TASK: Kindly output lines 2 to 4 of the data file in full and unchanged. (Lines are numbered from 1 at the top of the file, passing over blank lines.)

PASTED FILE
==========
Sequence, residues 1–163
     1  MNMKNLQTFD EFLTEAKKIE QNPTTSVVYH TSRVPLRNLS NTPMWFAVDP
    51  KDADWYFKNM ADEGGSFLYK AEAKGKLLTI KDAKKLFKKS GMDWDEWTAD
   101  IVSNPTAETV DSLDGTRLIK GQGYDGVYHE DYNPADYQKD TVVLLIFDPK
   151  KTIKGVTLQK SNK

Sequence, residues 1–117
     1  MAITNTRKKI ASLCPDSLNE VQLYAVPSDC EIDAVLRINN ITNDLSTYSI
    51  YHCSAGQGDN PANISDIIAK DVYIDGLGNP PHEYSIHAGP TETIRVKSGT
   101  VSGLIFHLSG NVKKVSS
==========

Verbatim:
     1  MNMKNLQTFD EFLTEAKKIE QNPTTSVVYH TSRVPLRNLS NTPMWFAVDP
    51  KDADWYFKNM ADEGGSFLYK AEAKGKLLTI KDAKKLFKKS GMDWDEWTAD
   101  IVSNPTAETV DSLDGTRLIK GQGYDGVYHE DYNPADYQKD TVVLLIFDPK